Are Certain Workplaces More Prone to Drug Use

stressed man at high tech job

A recent online article reported on what may be a relatively little-known side of drug use in the workplace. Oftentimes, drug use is linked to poverty and lack of an education adequate to gaining anything more than menial employment. It is often linked to hopelessness about the future, and the recognition of a lack of opportunity or the means to make a decent living or live a decent life. But this side of workplace drug use and abuse is an entirely different arena of life.

Drug Problems In Silicon Valley

The heroin-induced death of Forrest Timothy Hayes, a Google executive, brought to light the dark side of drug use in the Silicon Valley: a place known for its cutting-edge high tech industry. It seems that illicit drug-use, notably cocaine and prescription painkillers obtained on the black market, have become a part of life for fiercely competitive techies and executives of the industry.

According to the article, one addictions coach based in Miami reports having had clients from Yahoo, Google, Facebook, Twitter, and Apple. His clients have included high-level executives struggling with addiction to drugs including prescription painkillers such as oxycodone, cocaine, heroin, and stimulants such as Adderall.

The addictions coach pointed out that the Silicon Valley drug abuse situation is far worse than most people are aware of, due to it being so well covered-up. But Hayes’ death last November by heroin overdose brought attention to the severity of the situation.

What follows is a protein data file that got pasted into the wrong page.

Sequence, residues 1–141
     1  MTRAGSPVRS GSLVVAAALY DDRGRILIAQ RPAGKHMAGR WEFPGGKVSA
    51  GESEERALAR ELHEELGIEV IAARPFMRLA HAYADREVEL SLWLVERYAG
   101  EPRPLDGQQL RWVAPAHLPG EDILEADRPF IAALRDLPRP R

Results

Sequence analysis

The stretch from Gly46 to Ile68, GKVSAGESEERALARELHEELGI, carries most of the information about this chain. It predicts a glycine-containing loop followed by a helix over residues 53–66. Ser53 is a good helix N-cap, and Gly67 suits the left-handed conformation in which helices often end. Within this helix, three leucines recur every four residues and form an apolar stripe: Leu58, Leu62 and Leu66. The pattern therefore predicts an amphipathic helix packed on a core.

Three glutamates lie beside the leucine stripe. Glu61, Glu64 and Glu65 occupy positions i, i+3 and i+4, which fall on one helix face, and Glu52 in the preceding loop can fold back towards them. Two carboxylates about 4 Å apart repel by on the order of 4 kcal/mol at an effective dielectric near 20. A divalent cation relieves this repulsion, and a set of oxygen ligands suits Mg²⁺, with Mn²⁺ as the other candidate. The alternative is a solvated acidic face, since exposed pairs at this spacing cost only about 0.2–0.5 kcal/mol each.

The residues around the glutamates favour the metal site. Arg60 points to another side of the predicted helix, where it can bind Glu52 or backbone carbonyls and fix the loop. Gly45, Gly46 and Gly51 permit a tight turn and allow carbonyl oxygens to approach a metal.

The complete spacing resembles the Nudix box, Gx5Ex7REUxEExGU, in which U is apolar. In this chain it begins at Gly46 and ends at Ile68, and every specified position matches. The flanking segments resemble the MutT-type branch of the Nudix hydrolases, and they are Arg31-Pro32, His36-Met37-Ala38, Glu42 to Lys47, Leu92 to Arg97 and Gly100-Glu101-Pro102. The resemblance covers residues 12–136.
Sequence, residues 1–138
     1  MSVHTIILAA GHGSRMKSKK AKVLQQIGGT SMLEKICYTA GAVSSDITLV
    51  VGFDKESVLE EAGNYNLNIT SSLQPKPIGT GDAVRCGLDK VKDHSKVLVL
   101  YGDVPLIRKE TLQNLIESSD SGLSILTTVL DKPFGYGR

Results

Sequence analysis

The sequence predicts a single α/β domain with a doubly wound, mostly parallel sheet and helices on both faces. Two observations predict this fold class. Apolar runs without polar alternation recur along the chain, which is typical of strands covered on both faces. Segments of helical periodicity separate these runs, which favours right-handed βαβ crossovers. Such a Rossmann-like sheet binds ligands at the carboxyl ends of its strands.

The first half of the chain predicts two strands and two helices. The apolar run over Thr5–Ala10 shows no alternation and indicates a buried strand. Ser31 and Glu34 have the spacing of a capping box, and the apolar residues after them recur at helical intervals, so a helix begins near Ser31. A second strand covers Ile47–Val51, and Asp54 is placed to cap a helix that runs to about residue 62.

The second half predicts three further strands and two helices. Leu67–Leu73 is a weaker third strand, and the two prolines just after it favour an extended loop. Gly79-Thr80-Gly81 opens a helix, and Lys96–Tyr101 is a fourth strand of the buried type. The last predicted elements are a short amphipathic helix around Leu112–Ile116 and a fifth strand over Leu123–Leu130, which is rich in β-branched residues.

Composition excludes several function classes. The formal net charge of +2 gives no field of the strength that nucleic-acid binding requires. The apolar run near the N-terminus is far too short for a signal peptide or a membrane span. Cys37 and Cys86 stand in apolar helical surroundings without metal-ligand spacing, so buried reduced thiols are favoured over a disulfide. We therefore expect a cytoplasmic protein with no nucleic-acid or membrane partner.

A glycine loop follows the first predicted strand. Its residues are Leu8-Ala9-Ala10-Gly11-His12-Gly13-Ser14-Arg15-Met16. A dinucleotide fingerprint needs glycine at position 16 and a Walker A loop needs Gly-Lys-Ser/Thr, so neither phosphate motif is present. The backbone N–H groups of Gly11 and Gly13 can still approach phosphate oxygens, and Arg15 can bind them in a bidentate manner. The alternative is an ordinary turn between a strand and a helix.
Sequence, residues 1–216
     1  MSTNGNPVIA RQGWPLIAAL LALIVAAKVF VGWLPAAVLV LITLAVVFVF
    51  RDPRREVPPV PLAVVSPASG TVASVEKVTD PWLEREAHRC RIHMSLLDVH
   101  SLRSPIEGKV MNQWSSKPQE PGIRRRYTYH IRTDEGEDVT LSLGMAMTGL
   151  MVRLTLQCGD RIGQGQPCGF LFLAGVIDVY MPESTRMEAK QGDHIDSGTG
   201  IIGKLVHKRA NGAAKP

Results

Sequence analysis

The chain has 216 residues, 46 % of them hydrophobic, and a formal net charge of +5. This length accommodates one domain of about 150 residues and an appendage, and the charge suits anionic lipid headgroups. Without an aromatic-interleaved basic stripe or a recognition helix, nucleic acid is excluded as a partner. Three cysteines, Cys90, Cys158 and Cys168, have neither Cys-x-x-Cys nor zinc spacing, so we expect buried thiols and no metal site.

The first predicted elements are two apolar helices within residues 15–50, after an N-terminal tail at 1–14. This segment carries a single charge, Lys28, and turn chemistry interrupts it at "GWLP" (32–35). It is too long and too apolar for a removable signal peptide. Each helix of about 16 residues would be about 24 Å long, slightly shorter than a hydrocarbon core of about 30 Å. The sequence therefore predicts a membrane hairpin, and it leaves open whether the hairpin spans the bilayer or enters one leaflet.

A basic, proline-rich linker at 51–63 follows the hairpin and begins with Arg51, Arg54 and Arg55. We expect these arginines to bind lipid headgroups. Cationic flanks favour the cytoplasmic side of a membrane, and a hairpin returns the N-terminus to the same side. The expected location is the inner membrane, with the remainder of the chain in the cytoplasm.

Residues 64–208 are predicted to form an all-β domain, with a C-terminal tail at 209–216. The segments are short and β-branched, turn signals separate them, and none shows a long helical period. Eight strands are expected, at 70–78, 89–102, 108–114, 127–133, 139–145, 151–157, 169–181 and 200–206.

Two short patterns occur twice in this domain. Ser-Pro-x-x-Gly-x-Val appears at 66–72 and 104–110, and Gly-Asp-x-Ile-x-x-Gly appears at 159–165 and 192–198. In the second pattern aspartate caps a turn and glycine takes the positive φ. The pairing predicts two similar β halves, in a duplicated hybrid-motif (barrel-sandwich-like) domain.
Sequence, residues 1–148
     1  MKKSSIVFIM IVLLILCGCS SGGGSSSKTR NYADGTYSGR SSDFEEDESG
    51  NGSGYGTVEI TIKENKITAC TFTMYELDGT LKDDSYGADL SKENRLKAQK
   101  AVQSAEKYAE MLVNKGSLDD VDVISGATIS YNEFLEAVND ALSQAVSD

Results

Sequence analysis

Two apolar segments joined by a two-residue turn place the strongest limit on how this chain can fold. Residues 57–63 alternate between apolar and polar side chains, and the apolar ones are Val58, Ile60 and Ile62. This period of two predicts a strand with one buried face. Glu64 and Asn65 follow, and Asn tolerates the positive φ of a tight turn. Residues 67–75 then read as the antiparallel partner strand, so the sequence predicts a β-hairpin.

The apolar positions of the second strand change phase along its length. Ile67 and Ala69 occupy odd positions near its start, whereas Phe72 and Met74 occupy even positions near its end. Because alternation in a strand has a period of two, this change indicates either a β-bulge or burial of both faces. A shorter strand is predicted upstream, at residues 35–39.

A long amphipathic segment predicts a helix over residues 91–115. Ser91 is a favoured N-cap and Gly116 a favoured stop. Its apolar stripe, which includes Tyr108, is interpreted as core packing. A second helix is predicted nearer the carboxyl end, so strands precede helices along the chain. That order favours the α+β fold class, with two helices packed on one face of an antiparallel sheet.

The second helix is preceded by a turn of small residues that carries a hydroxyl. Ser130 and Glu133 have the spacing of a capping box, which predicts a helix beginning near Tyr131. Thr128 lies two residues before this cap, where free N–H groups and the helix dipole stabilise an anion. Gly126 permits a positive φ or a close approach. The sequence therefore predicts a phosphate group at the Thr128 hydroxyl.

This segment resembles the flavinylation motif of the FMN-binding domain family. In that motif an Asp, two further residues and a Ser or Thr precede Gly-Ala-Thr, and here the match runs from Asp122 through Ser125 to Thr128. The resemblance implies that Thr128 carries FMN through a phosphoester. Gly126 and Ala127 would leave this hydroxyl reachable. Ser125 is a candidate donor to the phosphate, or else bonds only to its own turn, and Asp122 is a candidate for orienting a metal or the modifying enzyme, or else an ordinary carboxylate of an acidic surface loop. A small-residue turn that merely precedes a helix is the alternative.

Although exact numbers of techie drug users are not currently known, a majority of those working in the field of addiction and drug rehabilitation treatment view the source of the problem as a powerful combination of intense competition between workers and between companies, new wealth, deadline pressures generated by launching of tech products in one after the other after the other, and a strong black-market pipeline of drugs.

Could Workplace Demands Lead to Addiction?

man drinking at work

A San Diego-based consultant teaching substance abuse awareness to employers in the Bay Area, Steve Albrecht, notes that the “workaholism” in the Silicon Valley demands an ability to work at a tremendous rate of speed on crash projects, resulting in workers staying up for days at a time. The demands are met first with coffee and Red Bull, and phase into meth and cocaine in order to keep going and meet the demands.

Another aspect of the abuse in these high-end tech companies is an absence of drug testing or a minimal amount of drug testing. Albrecht attributes that situation to many of these companies wanting the results, but not wanting to know how their employees got those results.

The drug abuse in the high tech industry is following the trend of a national surge in prescription painkiller and heroin abuse, with drug treatment specialists noting that the overprescribing of opioid prescription painkillers such as hydrocodone has created a new group of addicts; college-educated working professionals, the demographic of thousands of those employed in corporate Silicon Valley.